The result leads us to what is called an expected point value; or EPV. EPV is a common term that models points scored using a probability distribution. It can either be complex such as the models shown at the Sloan Spots Analytics Conference every so often. Or it can be something primitive such as looking at end-state results; as example: shooting distributions / shot charts. Regardless, for a particular possession, we ask what is the expected number of points scored. For the shooter who shoots 40% from the three point line? Well, we expect him to score 1.2 points per possession.

The faux pas that occurs here is that analysts tend to get into moment matching and immediately suggest that if the shooter instead takes a two point attempt, then they must shoot 60% to match the productivity of the three point shooter. This makes sense as the expected point value for this field goal attempt is now 1.2 points per possession. Hence we have a tie.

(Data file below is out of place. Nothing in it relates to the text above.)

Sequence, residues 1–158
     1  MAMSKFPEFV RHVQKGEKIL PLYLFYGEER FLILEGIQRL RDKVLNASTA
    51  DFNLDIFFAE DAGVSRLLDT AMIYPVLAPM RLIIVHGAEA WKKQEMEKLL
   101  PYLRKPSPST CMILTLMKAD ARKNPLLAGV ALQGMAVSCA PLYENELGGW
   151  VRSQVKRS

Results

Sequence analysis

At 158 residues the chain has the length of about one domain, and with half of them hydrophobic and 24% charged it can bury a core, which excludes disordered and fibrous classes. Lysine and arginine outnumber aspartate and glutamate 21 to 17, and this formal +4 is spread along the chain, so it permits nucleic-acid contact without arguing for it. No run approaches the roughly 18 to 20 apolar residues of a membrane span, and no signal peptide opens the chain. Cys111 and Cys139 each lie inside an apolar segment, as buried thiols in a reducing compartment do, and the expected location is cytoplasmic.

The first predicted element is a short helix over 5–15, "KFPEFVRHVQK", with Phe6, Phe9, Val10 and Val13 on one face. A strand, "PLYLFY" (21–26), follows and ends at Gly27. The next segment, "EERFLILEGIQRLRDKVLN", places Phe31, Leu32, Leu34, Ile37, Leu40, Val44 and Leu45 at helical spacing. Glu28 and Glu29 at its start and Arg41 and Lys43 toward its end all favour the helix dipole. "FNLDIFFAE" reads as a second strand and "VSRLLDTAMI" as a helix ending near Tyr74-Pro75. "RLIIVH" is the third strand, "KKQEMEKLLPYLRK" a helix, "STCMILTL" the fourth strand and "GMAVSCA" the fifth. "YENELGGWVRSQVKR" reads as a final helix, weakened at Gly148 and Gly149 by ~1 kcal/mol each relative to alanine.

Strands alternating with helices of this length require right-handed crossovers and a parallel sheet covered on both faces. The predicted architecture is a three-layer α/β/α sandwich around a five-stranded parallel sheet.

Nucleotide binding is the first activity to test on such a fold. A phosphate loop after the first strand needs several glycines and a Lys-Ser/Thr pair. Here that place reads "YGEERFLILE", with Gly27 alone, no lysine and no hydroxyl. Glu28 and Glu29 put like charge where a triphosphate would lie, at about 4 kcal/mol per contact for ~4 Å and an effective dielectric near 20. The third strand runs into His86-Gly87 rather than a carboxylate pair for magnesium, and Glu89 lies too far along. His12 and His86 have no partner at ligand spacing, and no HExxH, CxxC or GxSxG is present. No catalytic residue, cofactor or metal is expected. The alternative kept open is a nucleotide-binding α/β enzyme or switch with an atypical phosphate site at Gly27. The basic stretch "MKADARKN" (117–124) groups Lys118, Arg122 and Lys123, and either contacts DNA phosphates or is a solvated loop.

The only problem is, a shooter can never score 1.2 points per shot. This is a major misconception. We say a misconception; as the remainder of this post will even prove to you that by hedging bets to enforce 120 points per 100 possessions; the two distributions identifies a that one shooter is indeed better than the other… despite the exact same expected point values.

## Statistical Set-Up

To start, let’s consider a team that only shoots three pointers, where each possession is independent of the last, and they are stable shooters. Similarly, we have the identical set up for a two point shooting team. We then pit these teams against one another, impose that neither team turns over the ball, gains no offensive rebounds, and no fouls occur. We also impose that the teams have the exact same number of possessions. And yes, we impose that the team’s EPV’s are identical.

Due to equivalency of EPV’s we have that the two-point team shoots P percent, while the three point team shoots 2*P/3 percent. For example, if a two-point team shoots 60%, the three-point team shoots 40%.